After the enactment of Rule 41F, which became effective July 13, 2016, the common question we hear is, “What is the benefit of a gun trust now that it is no longer needed to avoid the Chief Law Enforcement Officer (CLEO) approval for the possession or use of a weapon regulated under the National Firearm Act (NFA)?” Using a trust to get around the CLEO approval for an NFA firearm was just one reason for creating a gun trust. The other benefits of a gun trust still exist.
One benefit to create a gun trust is to preserve a firearm legacy for future generations. Our founding fathers passed down an ethic and respect for firearms. By the War of 1812, this had been diluted. A gun trust is way for each of us to provide our families written instructions on the importance of the Second Amendment, proper respect for firearms, mandate regular training both on and off the range for handling firearms and shooting, and create an incentive for the need to go beyond basic training.
A second benefit to create a gun trust is for estate planning purposes. With NFA firearms, when a person passes away, the firearm must be transferred to another person that can lawfully own, possess, and use the NFA firearm. The federal regulations provide a tax-free mechanism for this transfer, which must happen. However, the transfer is not necessary when the trust is the registered owner of the NFA firearm. The NFA firearm remains in the trust and the members of the trust can still have access to that firearm.
A third benefit to create a gun trust was to avoid the federal transfer requirements. When a person purchases an NFA firearm in his or her name alone under the federal requirements and tax stamp, no one else can possess or use the firearm without violating the federal transfer requirements. This is true if the use or possession is temporary and for a few minutes. A transfer of an NFA firearm requires the completion of paperwork and transfer of the tax stamp. A gun trust avoids this process for those individuals named as either grantors or trustees of the gun trust. Each named trustee can possess and use the NFA firearms under the trust’s registration of the firearm.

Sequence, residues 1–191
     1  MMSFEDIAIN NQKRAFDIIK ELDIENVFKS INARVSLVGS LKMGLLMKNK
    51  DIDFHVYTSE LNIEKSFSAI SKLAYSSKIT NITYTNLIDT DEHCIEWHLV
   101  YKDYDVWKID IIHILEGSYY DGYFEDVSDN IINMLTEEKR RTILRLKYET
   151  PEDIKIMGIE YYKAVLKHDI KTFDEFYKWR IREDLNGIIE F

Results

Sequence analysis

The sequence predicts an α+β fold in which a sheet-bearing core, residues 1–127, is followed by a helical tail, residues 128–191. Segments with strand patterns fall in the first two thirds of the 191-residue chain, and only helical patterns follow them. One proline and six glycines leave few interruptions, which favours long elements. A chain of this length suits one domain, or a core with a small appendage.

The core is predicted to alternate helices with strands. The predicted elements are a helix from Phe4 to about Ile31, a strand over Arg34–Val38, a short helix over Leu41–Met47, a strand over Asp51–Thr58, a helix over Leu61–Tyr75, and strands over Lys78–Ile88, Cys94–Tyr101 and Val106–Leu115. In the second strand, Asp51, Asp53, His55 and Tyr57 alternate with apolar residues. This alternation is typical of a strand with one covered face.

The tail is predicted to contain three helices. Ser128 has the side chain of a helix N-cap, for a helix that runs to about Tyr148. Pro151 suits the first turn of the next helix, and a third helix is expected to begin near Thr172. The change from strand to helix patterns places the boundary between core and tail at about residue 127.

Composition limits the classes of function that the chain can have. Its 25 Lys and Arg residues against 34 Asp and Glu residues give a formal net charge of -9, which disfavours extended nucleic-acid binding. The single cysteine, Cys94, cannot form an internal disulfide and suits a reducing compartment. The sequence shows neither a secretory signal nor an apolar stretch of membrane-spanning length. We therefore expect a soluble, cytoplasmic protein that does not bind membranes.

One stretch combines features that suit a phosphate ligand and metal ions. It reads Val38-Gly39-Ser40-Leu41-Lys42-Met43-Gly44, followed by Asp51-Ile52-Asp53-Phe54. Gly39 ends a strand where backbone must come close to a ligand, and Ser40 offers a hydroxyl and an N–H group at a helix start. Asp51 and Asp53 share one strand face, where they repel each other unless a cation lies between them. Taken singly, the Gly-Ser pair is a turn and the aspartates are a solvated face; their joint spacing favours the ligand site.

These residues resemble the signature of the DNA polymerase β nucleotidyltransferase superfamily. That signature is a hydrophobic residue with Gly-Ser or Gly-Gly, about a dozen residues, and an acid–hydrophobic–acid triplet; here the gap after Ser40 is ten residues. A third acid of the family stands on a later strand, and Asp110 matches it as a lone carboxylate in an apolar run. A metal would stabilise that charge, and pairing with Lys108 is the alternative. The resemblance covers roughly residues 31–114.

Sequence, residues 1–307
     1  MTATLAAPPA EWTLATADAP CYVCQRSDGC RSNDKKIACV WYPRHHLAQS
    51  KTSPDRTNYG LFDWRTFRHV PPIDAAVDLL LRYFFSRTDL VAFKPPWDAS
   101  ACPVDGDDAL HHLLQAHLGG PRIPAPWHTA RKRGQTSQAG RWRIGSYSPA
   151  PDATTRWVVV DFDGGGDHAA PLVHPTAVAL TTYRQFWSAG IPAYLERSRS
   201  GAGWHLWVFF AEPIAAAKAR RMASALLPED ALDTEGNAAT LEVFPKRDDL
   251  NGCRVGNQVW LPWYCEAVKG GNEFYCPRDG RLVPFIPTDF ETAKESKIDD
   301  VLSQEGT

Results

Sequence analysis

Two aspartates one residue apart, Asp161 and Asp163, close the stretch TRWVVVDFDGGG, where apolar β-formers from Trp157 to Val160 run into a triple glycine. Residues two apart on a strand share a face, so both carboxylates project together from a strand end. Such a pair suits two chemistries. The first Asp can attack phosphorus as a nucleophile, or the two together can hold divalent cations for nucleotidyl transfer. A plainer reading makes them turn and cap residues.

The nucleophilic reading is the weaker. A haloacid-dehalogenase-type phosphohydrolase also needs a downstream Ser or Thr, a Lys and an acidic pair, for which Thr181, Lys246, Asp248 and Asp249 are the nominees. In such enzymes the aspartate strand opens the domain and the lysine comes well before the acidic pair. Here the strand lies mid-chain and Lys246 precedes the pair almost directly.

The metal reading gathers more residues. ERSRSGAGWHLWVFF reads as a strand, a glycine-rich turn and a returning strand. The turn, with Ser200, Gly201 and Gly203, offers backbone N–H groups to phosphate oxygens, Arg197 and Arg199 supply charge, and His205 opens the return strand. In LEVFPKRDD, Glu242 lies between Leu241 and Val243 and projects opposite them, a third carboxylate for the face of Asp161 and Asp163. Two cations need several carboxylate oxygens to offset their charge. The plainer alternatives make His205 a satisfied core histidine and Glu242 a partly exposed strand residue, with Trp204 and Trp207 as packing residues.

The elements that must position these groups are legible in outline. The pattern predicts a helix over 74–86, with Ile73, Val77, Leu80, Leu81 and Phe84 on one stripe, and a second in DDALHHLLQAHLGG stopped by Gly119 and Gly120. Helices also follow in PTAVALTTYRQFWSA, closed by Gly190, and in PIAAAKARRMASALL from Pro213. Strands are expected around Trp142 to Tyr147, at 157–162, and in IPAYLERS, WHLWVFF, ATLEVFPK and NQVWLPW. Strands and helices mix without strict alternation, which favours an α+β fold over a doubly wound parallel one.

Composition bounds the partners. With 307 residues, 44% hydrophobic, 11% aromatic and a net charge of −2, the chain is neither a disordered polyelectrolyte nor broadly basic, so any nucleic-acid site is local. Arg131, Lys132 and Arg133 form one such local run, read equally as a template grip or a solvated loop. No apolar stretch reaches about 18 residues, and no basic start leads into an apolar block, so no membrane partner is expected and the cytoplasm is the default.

A fourth benefit for the language of the trust can train successor trustees. Transferring firearms to or allowing possession of firearms by prohibited persons can create legal issues for successor trustees. Our gun trusts provide successor trustees with the information to prevent these types of transfers from occurring. The trusts also give successor trustees the discretion of delaying transfers or use of firearms to adult novice firearms user or minor beneficiaries.
While a search of the internet can result in other benefits of creating and having a gun trust for the ownership, preservation and post-death transfer of all firearms, these are the top four benefits that I have identified in my practice as key in decision making for my clients. A gun trust is not about circumventing legal requirements to own restricted firearms, but to begin the creation of family firearm legacy that carries on for generations.
If you are interested in creating or continuing your family’s firearm legacy, contact our intake team today to schedule your pre-engagement meeting and learn more on how a gun trust can complete your estate plan.